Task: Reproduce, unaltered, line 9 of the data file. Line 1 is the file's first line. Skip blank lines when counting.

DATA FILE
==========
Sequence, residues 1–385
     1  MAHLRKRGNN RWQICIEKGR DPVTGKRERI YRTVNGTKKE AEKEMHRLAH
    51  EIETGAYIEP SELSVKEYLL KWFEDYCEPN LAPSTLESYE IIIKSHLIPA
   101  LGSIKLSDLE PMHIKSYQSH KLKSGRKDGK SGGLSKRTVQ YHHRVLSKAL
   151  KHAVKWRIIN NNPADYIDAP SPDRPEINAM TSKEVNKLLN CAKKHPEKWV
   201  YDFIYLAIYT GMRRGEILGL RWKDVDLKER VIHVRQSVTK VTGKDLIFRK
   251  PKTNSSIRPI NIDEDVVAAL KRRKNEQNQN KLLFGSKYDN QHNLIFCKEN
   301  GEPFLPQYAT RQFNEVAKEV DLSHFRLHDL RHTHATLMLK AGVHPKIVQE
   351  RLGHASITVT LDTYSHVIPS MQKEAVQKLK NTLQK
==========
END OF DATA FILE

   351  RLGHASITVT LDTYSHVIPS MQKEAVQKLK NTLQK